F-test The analysis of variance or F test is an extension of the t test When a study has only one IV, F and t are virtually identical—the F = t-squared ANOVA is used when there are more than two levels of an independent variable The F statistic is a ratio of two types of variance: Systematic variance  the deviation of the group means from the grand mean or the mean score of all individual groups Error variance  the deviation of the individual scores in each goup from their respective group means The larger the F value, the more likely the score is significant

Effect Size Effect size  quantifies the size of the difference between groups If we have two grps, the effect size is the difference between the groups expressed in standard deviation units. Therefore, the effect size is between O and 1. The effect size indicates the strength of the relationship. The closer to one, the stronger the relationship. The advantage of the effect size is that it is not a function of the sample size

Type one and Type two errors
Type I error  occurs when the researcher says that a relationship exists when in fact it does not You have falsely rejected the null hyp Type II error  occurs when the researcher says that a relationship does not exist, when in fact it does You have falsely accepted the null hyp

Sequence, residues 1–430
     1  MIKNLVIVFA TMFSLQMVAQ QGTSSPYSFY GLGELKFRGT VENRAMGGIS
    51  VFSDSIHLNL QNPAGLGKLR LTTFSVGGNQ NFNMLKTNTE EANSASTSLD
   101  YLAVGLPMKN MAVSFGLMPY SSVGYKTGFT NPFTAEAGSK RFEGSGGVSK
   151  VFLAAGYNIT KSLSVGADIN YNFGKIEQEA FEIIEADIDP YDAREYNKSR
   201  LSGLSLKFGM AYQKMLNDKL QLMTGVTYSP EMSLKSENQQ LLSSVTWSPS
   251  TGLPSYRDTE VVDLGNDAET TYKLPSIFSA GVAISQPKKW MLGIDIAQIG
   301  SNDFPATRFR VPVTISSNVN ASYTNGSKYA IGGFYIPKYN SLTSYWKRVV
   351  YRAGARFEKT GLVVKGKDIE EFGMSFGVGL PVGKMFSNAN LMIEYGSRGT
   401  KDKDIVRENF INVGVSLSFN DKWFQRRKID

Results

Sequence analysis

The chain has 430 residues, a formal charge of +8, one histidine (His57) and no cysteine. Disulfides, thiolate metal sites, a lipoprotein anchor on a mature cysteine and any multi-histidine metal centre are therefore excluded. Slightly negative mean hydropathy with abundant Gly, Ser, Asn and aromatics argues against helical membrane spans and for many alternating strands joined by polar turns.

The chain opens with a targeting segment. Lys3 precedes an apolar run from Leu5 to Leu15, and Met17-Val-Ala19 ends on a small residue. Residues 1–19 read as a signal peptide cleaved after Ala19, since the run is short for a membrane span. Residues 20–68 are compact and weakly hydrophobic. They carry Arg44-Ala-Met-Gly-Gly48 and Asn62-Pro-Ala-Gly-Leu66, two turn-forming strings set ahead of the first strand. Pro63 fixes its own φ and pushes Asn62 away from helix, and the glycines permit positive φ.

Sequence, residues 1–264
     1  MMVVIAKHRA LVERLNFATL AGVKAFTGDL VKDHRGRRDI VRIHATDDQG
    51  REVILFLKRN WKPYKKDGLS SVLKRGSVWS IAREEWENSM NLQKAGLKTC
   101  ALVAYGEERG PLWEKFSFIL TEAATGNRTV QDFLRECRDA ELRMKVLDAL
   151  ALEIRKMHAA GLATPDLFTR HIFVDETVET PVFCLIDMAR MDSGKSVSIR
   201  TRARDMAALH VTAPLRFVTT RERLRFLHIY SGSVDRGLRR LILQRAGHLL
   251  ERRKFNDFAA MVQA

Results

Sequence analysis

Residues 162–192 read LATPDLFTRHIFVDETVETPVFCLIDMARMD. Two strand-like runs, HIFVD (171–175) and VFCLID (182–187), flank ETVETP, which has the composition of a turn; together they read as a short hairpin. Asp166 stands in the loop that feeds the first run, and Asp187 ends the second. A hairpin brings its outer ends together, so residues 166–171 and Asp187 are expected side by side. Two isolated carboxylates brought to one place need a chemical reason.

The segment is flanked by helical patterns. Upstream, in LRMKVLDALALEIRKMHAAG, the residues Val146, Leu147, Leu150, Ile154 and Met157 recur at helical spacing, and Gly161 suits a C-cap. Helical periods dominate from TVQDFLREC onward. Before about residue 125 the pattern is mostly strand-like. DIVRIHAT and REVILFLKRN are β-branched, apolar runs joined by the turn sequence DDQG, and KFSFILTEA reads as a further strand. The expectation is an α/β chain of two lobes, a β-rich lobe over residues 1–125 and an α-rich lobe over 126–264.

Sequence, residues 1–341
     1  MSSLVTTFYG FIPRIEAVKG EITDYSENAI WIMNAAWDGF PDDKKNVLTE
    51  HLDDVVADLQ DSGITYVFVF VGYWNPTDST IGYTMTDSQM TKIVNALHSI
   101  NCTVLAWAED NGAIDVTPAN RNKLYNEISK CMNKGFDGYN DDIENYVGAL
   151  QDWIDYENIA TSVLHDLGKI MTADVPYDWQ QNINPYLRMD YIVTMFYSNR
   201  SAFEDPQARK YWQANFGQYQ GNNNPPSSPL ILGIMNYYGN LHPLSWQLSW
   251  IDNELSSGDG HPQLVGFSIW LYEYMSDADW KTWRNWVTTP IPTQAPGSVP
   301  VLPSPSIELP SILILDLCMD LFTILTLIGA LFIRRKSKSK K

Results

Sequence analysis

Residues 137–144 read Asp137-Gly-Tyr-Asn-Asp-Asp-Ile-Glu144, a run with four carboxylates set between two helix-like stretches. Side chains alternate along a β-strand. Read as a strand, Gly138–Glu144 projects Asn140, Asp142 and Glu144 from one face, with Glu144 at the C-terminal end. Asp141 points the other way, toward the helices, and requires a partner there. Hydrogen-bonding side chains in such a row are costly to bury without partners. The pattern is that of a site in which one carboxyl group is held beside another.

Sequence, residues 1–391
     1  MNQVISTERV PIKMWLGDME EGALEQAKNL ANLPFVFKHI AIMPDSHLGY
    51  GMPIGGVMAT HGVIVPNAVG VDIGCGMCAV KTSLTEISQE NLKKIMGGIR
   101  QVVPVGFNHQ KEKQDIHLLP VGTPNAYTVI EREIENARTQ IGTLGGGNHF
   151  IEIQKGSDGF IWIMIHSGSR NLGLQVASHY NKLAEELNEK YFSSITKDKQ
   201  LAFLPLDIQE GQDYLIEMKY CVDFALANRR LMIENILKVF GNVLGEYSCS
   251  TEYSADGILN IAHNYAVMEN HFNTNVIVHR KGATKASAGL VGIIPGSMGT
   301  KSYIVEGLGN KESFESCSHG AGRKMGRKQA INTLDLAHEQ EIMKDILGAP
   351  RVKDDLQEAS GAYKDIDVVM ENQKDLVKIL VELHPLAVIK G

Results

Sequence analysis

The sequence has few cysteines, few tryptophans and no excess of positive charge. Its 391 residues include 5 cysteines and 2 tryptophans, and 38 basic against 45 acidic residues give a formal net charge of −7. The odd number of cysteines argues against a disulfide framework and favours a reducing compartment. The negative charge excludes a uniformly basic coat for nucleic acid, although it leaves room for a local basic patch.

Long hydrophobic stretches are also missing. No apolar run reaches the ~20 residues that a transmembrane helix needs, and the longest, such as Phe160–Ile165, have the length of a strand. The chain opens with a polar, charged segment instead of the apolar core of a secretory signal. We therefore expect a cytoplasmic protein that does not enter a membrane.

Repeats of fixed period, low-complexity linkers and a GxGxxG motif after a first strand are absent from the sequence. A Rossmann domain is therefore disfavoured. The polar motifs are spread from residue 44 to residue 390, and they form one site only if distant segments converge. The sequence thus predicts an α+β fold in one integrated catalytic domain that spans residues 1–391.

True State of Affairs Null is true Null is False C Reject Null
Type I error alpha Correct Decision 1-beta Accept Null Correct Decision 1-alpha Type II error beta

Probability of Type II error
If we set a low alpha level to decrease the chances of a Type I error (accepting a hypothesis that is true when it is not (e.g., p<.01), we increase the chances of a Type II error True differences are more likely to be detected if the sample size is large. If the effect size is large, a Type II error is unlikely

Interpreting non-significant results
Negative or nonsignificant results are difficult to interpret There are several causes for nonsignificant results: The instruction could be hard to understand Have a weak manipulation of the indep var Using an unreliable or insensitive dep measure Sample size is too small.

Choosing a Sample Size: Power Analysis
Sample size can be based on what is typical in that particular area of research Sample size can also be based on a desired probability of correctly rejecting the null hyp This probability is called the power of the statistical test  the sensitivity of the statistical procedure to detect differences in your data Power = 1 – p (Type II error ) Power analysis-computer generated Higher desired power demands a greater sample size Researchers usually use a power between .70 and .90 to determine sample size